The transaction at issue here involved a California finance lessee (McEwan & Associates), a Florida finance lessor (Devon), and a Texas supplier (OFI).   The lease makes reference to the Texas supplier as the provider of the Acculink System and as the one to whom the lessee (McEwan & Associates) must look for receipt and performance of the system.   Old Kent is an Illinois resident and the second assignee of this equipment lease, with no obligation to do anything except receive the benefits assigned to it.   Moreover, it was McEwan & Associates, not Old Kent, who executed a licensing agreement with the Texas supplier.   The only parties to the equipment lease were McEwan & Associates, as lessee, and Devon, as lessor.   The Texas supplier did not sign the equipment lease and was not a party to that agreement.   Even if the supplier (OFI) had been a party to the lease agreement, that fact, alone, would not provide a basis for jurisdiction.   See Magnolia, 994 S.W.2d at 691 (“[M]erely contracting with a Texas corporation does not satisfy the minimum contacts requirement.”).   Similarly, partial performance of a contract in Texas is “not the sine qua non of personal jurisdiction.”  Id. at 692;  U-Anchor Adver., Inc. v. Burt, 553 S.W.2d 760, 762-63 (Tex.1977) (finding no personal jurisdiction even though plaintiffs' cause of action was connected with contractual obligations that were partially performable in Texas).   Thus, even if the original lessor had contracted with the Texas supplier, those contacts could not be attributed to Old Kent nor would they be sufficient, standing alone, to confer jurisdiction.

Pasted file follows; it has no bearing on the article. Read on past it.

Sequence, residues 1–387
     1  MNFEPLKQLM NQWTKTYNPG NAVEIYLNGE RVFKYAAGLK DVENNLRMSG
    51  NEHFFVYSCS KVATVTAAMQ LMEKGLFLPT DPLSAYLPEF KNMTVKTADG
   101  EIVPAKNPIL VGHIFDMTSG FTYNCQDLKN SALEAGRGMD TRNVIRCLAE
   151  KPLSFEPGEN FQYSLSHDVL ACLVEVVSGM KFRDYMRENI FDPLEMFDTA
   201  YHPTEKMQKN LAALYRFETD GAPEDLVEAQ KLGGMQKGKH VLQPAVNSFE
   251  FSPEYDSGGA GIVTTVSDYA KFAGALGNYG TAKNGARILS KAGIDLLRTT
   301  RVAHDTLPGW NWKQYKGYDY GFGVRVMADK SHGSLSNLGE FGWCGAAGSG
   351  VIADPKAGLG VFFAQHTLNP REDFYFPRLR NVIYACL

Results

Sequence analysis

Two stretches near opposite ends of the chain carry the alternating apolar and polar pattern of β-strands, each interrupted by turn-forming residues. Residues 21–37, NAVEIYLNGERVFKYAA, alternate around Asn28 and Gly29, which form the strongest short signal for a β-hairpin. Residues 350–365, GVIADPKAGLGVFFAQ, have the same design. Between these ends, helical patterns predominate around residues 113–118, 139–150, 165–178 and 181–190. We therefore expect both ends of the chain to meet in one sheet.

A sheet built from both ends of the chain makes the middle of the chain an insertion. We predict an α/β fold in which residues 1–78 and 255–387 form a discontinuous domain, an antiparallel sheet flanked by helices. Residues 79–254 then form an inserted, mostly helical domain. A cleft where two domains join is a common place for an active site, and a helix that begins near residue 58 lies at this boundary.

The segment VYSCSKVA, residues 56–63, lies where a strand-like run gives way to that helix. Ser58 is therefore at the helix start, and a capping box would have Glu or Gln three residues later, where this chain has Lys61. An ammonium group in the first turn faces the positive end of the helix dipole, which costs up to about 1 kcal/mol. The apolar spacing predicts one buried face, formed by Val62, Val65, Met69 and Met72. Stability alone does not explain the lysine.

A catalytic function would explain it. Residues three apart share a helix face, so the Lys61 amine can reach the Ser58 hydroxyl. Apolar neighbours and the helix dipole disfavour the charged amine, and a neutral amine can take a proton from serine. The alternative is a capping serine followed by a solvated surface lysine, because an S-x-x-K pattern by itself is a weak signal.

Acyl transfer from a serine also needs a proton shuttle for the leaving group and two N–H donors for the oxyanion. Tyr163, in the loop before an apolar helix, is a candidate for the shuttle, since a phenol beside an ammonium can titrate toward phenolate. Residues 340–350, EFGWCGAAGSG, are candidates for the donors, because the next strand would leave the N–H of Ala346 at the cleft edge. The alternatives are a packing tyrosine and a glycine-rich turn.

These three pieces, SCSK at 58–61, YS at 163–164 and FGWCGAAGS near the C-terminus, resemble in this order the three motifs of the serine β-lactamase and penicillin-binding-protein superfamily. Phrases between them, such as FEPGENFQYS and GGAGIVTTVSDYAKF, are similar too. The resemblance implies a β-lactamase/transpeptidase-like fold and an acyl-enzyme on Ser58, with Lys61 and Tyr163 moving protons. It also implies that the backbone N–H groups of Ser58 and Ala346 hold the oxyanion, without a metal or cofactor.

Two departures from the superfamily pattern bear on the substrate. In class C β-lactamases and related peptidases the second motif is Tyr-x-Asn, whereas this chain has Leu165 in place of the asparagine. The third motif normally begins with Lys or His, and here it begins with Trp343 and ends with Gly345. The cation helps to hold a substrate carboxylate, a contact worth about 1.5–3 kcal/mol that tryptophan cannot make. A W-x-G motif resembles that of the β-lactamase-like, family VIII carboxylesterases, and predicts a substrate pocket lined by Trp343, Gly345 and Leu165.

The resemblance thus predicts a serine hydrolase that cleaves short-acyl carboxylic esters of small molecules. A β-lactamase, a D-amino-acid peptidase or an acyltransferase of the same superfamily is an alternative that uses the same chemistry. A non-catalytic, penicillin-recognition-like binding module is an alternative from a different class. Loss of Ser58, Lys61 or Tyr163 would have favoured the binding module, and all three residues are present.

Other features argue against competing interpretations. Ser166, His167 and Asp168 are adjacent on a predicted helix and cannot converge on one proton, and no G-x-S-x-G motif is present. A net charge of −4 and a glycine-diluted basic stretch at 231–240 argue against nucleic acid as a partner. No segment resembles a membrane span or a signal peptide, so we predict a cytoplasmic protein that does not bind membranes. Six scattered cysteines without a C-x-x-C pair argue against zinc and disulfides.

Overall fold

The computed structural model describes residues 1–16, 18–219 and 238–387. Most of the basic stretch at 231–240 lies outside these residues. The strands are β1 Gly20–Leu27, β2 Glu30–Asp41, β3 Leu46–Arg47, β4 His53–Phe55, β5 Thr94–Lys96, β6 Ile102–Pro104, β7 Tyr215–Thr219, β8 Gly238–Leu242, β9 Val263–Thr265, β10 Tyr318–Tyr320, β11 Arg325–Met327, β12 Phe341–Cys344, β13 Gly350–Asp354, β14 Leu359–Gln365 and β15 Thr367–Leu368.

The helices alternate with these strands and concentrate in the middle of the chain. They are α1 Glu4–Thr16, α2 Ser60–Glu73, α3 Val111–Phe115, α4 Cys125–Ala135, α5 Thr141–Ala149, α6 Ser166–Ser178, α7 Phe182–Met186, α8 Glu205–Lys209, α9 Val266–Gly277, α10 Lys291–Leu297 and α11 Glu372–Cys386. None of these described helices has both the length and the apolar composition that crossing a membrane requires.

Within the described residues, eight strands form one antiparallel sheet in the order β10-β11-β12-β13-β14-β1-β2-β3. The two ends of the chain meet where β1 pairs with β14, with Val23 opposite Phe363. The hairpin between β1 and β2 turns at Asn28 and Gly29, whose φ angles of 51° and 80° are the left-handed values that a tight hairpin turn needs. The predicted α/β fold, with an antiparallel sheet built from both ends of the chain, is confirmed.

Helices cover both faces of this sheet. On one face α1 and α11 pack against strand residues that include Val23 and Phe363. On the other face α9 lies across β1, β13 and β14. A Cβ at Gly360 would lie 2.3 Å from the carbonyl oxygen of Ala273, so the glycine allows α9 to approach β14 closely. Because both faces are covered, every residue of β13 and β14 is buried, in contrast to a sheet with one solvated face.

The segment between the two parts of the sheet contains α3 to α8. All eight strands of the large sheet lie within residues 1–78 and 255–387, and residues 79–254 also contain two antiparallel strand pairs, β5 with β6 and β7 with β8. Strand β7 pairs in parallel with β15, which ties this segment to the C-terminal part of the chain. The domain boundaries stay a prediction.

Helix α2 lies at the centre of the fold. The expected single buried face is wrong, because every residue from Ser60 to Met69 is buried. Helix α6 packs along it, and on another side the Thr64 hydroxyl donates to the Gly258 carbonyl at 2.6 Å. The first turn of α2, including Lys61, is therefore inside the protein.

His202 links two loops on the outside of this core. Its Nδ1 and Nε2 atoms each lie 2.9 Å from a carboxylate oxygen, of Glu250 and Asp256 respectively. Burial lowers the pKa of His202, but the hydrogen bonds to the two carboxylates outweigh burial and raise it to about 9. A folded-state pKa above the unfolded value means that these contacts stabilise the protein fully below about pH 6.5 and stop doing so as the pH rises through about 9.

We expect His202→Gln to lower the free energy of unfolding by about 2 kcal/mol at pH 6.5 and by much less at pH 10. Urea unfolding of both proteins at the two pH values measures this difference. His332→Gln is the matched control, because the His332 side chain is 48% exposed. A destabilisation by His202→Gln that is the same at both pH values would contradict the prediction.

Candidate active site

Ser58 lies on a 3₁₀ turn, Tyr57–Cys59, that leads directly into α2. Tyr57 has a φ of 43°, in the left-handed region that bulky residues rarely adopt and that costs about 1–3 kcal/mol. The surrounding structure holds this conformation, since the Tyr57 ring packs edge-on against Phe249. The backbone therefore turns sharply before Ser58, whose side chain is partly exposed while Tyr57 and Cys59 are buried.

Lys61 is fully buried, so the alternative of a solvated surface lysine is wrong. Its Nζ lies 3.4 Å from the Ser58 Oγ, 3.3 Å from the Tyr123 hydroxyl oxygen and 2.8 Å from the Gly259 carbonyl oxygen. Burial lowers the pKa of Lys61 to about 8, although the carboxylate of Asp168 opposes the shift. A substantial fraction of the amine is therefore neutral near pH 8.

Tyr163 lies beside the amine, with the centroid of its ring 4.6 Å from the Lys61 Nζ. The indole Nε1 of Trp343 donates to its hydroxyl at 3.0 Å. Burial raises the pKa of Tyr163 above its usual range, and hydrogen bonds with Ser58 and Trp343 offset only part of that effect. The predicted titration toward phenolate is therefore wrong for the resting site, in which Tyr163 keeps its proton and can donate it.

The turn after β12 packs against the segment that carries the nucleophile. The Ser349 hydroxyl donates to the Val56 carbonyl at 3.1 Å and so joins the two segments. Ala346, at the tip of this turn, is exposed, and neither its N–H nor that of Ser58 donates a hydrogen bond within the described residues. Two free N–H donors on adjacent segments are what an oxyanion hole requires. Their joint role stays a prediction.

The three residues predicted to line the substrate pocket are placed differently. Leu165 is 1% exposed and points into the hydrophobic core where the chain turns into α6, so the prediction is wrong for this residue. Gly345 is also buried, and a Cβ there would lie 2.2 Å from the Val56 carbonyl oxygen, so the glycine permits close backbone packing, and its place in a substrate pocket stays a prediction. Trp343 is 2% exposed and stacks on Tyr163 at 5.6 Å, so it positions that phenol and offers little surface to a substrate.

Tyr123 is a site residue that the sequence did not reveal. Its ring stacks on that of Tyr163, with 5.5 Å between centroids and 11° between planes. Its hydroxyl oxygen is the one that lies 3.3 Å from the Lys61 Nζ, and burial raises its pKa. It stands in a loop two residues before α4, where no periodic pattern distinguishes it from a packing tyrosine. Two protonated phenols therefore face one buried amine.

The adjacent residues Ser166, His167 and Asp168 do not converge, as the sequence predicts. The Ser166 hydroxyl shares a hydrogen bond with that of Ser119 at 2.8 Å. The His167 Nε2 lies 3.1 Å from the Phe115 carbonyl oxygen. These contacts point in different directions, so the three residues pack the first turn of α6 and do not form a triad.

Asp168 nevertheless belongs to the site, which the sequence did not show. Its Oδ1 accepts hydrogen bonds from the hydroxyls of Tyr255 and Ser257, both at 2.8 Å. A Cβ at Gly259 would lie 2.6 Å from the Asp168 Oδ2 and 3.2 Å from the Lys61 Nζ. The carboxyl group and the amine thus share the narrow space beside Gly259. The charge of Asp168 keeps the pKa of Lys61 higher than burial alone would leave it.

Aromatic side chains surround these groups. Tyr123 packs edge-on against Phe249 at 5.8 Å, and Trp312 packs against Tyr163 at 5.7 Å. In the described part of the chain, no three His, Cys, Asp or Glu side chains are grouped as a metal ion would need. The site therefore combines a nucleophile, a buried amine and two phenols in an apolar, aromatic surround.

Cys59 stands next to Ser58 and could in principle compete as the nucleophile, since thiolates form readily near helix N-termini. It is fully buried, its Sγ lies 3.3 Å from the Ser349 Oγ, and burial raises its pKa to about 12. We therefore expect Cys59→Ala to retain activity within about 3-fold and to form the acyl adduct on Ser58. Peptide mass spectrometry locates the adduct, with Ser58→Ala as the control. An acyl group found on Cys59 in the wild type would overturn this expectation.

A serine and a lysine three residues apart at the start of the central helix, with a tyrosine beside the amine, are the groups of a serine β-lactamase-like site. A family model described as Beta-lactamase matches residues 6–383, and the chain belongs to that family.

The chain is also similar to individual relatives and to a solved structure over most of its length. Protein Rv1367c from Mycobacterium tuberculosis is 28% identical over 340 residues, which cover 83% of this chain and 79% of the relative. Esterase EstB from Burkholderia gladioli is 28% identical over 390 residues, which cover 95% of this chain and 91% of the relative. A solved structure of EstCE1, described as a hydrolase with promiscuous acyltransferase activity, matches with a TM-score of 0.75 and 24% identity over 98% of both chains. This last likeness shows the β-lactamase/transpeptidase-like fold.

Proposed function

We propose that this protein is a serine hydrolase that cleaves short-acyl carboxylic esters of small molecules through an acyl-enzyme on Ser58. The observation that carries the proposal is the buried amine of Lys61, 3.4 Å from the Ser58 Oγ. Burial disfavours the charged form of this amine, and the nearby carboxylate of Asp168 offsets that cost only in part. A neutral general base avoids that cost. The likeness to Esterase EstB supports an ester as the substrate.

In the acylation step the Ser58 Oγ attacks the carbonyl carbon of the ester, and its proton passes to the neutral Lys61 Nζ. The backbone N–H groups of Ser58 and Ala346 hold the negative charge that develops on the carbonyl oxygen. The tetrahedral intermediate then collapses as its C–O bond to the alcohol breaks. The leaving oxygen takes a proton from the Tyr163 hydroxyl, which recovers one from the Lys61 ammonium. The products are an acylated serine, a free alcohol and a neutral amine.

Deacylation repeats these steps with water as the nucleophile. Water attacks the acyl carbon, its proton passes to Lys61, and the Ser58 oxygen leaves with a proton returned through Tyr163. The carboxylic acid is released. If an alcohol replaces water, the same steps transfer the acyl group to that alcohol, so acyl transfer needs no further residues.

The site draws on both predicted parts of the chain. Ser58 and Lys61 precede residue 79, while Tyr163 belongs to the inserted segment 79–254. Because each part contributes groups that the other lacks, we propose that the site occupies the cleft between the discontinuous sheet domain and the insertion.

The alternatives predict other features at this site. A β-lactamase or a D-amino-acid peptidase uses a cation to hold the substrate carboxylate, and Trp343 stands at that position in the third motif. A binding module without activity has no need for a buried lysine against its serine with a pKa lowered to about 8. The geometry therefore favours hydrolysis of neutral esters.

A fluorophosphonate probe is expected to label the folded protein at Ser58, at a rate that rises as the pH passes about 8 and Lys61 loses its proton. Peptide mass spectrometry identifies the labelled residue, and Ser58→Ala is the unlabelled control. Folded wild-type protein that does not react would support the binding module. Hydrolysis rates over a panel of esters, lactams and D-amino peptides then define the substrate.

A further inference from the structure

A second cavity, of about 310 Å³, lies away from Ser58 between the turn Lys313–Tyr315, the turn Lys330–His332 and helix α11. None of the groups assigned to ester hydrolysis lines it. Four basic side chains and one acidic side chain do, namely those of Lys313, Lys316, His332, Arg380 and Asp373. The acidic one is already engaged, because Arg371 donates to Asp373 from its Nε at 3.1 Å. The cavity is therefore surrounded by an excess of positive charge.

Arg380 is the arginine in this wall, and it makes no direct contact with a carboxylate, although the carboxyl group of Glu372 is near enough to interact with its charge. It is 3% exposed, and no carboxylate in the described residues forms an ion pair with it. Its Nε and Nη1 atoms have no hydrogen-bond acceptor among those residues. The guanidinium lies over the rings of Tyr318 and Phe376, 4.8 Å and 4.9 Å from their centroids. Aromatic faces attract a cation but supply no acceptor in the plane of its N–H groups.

In short, the Texas supplier made no assignment to Old Kent and Old Kent took nothing by assignment from the Texas supplier.   Appellees may not attribute to Old Kent their own, or the original lessor's connections with Texas, in order to make the requisite showing under the Texas long-arm statute.   See Guardian Royal Exch. Assur., Ltd. v. English China Clays, P.L.C., 815 S.W.2d 223, 227-28 (Tex.1991) (citing Helicopteros, 466 U.S. at 417, 104 S.Ct. 1868;  World-Wide Volkswagen Corp. v. Woodson, 444 U.S. 286, 298, 100 S.Ct. 559, 62 L.Ed.2d 490 (1980) (holding that a court will not attribute the conduct of another to a nonresident in order to establish personal jurisdiction)).   Whatever contacts the original lessor (Devon), its first assignee (OFC), and the supplier (OFI) might have had in, or with, the state of Texas, those contacts do not operate to create “minimum contacts” between Old Kent and this jurisdiction.

 The exercise of personal jurisdiction is proper when the contacts proximately result from actions of the nonresident defendant which create a substantial connection with the forum state.  Guardian, 815 S.W.2d at 226.   The substantial connection between the nonresident defendant and the forum state, necessary for a finding of minimum contacts, must derive from action or conduct of the nonresident, purposefully directed toward the forum state.  Id. This requirement that a defendant purposefully avail itself of the privilege of conducting activities within the forum state, thus invoking the benefits and protections of its laws, ensures that a defendant will not be haled into a jurisdiction solely as a result of random, fortuitous, or attenuated contacts, or the unilateral activity of another party or a third person.  Burger King v. Rudzewicz, 471 U.S. 462, 475, 105 S.Ct. 2174, 85 L.Ed.2d 528 (1985);  Garner v. Furmanite Australia Pty, Ltd., 966 S.W.2d 798, 803 (Tex.App.-Houston [1st Dist.] 1998, pet. denied).   There is nothing in this record to suggest that Old Kent availed itself of the privilege of conducting business in Texas or that it could have reasonably anticipated being haled into a Texas court based on its acceptance of the assignment of the equipment lease.